After mastering Zlatan Ibrahimovic and his PSG aristocrats, Chelsea must now cope with two players Jose Mourinho covets – and one he already owns.
If Chelsea are to progress to their first-ever European Cup final, they must deal with Diego Costa, Koke and Thibaut Courtois. This triumverate is key to Atletico's success; much of the Spanish team's creativity and invention flows from their legs and brains.
Koke, the 22-year-old midfielder established himself in the Atletico's first-team last season and has since become a sensation in La Liga, operating both as a playmaker and in a deeper role. He shone once again in the Champions League quarter-final against Barcelona, scoring the winner which put Atleti through to the semi-finals.
Koke wears the number 6 shirt just like Barcelona hero Xavi, and there are obvious parallels between the two, given their range of passing. But Atleti's new star is arguably more similar to Paul Scholes, given his ability to burst into the opposition box and willingness to tackle.
The youngster – who has managed 18 assists in all competitions – sacrifices himself for the group whenever needed. He is versatile, tactically astute and can even play as a second striker. He has even managed to make the Spanish squad, a telling testament to his quality.
Costa, meanwhile, is a player in incredible form. The Brazilian is doing unbelievable things so far this season, and has led Atletico Madrid to the top, perhaps showing why Mourinho has earmarked him as the man to lead their line next summer and is ready to pay around £40m for his signature.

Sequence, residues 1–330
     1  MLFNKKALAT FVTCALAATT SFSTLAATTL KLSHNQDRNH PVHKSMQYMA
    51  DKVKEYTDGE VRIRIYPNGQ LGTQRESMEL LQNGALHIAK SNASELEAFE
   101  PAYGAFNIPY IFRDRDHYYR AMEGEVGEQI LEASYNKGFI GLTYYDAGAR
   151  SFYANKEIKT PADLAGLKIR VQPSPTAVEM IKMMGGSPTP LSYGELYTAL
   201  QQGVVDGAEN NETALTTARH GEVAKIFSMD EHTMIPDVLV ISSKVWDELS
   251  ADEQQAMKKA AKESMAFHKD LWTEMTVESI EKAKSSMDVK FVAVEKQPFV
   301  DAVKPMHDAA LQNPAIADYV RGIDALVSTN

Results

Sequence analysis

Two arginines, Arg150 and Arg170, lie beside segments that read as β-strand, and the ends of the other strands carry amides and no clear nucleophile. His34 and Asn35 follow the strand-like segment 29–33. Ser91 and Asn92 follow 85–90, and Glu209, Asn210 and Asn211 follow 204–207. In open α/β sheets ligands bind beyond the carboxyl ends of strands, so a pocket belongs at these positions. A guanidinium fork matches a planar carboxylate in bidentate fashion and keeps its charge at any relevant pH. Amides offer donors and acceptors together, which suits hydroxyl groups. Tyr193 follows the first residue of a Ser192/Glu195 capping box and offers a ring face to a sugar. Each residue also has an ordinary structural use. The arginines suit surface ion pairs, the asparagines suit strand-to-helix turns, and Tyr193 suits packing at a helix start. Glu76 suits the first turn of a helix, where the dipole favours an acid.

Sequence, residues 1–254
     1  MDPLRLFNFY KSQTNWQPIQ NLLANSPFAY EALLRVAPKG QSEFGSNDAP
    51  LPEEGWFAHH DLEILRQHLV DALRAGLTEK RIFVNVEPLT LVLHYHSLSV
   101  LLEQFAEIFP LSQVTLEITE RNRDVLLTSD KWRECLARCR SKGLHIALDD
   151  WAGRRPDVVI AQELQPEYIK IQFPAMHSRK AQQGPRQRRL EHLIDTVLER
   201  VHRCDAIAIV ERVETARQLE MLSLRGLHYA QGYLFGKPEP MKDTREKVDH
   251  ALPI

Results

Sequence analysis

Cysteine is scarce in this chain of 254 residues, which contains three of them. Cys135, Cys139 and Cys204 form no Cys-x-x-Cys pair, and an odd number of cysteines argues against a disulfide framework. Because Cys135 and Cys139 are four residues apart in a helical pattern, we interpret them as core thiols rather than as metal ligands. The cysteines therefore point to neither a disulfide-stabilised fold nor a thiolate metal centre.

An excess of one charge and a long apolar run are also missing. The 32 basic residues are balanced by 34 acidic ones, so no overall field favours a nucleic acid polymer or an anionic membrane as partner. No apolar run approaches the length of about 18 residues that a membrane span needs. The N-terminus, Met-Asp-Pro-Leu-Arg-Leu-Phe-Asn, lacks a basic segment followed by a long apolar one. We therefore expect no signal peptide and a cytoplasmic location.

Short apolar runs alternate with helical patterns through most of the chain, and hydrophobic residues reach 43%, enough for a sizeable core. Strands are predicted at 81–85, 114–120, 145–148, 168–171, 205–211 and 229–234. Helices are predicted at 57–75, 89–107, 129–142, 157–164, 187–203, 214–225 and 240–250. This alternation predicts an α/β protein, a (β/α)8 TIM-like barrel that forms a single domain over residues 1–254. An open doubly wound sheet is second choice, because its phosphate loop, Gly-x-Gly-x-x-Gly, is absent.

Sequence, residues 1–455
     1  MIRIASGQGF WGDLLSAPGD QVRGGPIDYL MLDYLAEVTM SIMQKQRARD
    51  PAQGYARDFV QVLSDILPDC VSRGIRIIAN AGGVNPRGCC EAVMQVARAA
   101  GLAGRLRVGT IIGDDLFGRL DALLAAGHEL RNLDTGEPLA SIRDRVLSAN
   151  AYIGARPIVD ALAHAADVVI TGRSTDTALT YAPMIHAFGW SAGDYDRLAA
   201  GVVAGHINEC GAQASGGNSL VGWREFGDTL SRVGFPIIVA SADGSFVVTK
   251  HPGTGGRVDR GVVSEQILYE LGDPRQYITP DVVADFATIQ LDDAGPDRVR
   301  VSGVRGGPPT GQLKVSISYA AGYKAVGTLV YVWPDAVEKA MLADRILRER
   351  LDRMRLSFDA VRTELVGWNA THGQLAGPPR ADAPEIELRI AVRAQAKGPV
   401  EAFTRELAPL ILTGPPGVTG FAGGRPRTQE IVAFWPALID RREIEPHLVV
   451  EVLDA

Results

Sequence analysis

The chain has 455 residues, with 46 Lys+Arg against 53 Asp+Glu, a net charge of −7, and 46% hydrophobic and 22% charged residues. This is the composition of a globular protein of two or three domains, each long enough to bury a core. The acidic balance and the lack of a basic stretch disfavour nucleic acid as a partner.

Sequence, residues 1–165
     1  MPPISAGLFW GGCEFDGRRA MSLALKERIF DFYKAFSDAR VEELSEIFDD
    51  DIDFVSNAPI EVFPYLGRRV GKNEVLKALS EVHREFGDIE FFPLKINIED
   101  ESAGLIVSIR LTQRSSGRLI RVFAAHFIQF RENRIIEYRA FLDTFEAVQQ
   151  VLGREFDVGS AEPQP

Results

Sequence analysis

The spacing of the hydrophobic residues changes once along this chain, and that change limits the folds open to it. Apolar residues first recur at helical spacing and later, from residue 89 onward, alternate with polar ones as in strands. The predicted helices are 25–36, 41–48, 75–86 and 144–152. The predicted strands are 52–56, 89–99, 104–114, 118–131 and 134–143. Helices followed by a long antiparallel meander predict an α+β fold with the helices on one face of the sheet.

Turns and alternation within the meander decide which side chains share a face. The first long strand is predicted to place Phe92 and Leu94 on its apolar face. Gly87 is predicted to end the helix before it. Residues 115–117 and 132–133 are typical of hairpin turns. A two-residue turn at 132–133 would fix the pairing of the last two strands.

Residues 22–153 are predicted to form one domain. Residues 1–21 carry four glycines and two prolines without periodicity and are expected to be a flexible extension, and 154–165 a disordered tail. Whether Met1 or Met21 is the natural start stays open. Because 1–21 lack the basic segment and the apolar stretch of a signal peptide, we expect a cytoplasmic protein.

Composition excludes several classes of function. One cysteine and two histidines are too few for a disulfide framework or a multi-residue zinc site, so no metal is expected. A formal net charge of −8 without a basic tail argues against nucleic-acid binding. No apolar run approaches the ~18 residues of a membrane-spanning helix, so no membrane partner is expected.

The Blues are in the market for a striker and Mourinho believes that the Atletico man can lead Chelsea to title glory for years to come in the future. So far, he has scored a staggering 33 goals in all competitions and is second-highest scorer in La Liga, just three goals behind of Real Madrid superstar Cristiano Ronaldo – with 28.
Blessed with natural pace, Costa is also a natural finisher, capable of laching onto through balls and finishing with either foot. He relishes being the focal point of his team's attack, just as Fernando Torres, one of his most revered predecessors in Los Rojiblancos' forward line, did in his prime.
And we cannot forget Courtois, currently enjoying his third season at the Vicente Calderon Stadium where he has built a reputation as one of the finest shot stoppers in Europe – even though he is owned by Chelsea.
Courtois joined Atletico the summer they sold David De Gea to Manchester United, and at present there is little to choose between the two. However they are very different keepers; while De Gea relies on reflexes and agility, and has sometimes struggled with crosses, Courtois is bigger and stronger, a goalkeeper in the burly English style. Yet he can also pull off spectacular stops when the need arises.
It had been reported that, under the terms of the deal that took Courtois to Spain, Atletico would have to pay a sizeable fee for the Belgium international to play against Mourinho's side. But Uefa released a statement before Friday's draw saying Courtois would be eligible if the two clubs were paired against one another, and any attempt by a club to exert influence on who the opposition selects was forbidden.
The statement added that any private agreement between two clubs which might influence the line-up in a match would be considered null and void.
So Mourinho will face a team with one of the strongest spines in Europe. The line-up is settled and the pattern of play firmly established; Atletico are happy to play without the ball and hit on the counter, with Costa and former Spain star David Villa offering a potent figurehead.
If Chelsea are to reach Lisbon, they will have to be on top of their game. Atleti may not be as storied or wealthy as the other two clubs Chelsea could have faced in the semis, but they are every bit as dangerous.